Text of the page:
As industrial manufacturers move toward digitization and data-driven solutions, KPMG’s Larry Bradley sat down with Khozema Shipchandler, VP and Chief Financial Officer at GE Digital to find out how one of the world’s most successful manufacturers is preparing for the new era of ‘digital industrial’.
Larry: What does ‘digital industrial’ mean to GE and how is it changing the manufacturing sector?
Khozema: I think it’s a recognition that our products increasingly spit out terabytes and petabytes of extremely valuable data which, when harnessed, allow us to provide our customers with increasingly valuable services. So instead of running maintenance on an aircraft engine based on a regular schedule and engineering statistics, we can monitor – in real-time – the operation of that engine and spot the exact point in time when that engine needs servicing. Digital industrial is really about using the information from our products to create real value for our customers.
Larry: Innovation is key to driving new service and business models. How is GE capturing new ideas to drive the digital industrial effort?
Khozema: We are in the process of building out a very robust partner ecosystem that brings together consultants, technology firms, suppliers, regional partners and others to bring new developers to our platform and help us extend our commercial capability across both our existing verticals and those we do not participate in today. We have also established a strong presence in places like Silicon Valley and Boston where we can tap into some of the world’s brightest minds and talent.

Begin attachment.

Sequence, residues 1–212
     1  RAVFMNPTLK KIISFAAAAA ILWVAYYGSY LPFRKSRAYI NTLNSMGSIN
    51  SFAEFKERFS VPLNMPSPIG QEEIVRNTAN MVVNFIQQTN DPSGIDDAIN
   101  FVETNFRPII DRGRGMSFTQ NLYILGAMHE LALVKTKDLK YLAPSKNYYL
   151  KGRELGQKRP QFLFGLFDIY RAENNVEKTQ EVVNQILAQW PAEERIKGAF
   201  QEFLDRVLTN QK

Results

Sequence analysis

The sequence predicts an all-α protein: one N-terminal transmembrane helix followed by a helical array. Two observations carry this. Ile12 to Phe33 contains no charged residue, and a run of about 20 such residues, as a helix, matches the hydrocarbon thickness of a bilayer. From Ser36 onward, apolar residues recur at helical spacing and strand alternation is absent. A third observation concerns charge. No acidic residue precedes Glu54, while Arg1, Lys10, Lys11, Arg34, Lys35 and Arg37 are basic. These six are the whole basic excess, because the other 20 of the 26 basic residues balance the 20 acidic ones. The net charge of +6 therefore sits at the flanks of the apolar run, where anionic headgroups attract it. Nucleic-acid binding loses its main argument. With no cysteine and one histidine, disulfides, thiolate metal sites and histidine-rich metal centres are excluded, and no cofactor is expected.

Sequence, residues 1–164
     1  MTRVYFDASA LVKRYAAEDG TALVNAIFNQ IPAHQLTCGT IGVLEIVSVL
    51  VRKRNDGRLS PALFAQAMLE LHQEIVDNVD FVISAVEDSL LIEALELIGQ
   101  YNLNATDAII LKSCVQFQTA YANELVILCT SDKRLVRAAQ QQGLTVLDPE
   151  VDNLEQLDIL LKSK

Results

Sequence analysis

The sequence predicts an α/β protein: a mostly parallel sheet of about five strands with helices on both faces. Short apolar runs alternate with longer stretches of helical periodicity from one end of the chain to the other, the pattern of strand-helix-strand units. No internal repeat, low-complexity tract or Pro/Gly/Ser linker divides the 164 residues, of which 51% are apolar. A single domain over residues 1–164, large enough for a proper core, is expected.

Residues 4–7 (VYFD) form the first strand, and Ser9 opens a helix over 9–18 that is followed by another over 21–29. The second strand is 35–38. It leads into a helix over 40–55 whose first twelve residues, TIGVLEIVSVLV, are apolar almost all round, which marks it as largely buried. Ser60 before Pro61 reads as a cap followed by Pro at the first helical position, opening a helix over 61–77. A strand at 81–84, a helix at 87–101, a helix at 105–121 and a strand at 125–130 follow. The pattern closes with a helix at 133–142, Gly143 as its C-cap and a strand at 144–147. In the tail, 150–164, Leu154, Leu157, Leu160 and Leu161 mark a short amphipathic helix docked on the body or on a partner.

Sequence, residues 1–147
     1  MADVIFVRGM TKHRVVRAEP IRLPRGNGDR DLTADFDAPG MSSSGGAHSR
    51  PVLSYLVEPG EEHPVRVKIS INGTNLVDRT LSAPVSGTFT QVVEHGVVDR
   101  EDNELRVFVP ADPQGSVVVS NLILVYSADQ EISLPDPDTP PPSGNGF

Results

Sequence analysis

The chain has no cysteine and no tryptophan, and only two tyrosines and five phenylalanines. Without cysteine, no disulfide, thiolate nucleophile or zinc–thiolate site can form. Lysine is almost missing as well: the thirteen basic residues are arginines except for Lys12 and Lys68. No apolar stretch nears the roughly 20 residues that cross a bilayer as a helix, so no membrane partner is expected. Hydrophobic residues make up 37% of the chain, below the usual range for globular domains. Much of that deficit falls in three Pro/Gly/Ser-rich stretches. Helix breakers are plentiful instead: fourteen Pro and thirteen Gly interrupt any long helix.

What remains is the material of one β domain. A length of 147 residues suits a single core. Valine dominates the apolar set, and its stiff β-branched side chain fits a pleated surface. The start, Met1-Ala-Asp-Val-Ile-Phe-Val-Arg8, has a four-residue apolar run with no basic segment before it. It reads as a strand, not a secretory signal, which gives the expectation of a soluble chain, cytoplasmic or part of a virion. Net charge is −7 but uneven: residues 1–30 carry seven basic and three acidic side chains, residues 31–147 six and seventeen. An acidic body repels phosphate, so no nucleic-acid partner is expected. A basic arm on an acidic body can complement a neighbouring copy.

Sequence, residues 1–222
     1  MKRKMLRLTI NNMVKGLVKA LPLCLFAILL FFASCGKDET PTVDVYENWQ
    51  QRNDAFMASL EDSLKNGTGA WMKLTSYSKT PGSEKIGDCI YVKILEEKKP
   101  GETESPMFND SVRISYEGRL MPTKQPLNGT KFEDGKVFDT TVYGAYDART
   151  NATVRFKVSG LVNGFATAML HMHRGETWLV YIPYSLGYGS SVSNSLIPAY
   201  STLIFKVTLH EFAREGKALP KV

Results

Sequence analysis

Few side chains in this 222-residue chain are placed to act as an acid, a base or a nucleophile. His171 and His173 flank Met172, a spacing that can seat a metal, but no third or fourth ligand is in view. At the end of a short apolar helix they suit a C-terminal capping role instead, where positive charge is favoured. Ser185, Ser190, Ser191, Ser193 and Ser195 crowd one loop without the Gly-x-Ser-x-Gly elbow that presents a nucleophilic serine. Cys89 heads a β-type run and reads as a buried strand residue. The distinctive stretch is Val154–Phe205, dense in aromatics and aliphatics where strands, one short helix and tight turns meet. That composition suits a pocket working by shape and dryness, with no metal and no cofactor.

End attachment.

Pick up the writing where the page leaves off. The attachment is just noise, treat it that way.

Larry: GE’s leadership has always encouraged change. Has this influenced the transformation to a digital industrial company?
Khozema: We are fortunate enough to have a Chairman-led effort. Our board and our executives understand the importance of building market leadership in industrial internet. We have a CEO of GE Digital who is empowered and encouraged to work horizontally across the business units to share ideas and best practices and to provide guidance, leadership and direction within each of the GE verticals. It really takes commitment from the top and a deep desire to make the change.
Larry: Will digital industrial be the competitive platform of the future?
Khozema: I think digitization offers a profound opportunity for manufacturers to drive massive improvements in their internal operations and bring untapped sources of value to their customers. Those manufacturers that are not able to make the leap will find themselves largely irrelevant in the next 5 to 7 years because people will increasingly look for the value beyond the product. The company that monetizes that first and brings the most value to customers will be the winner.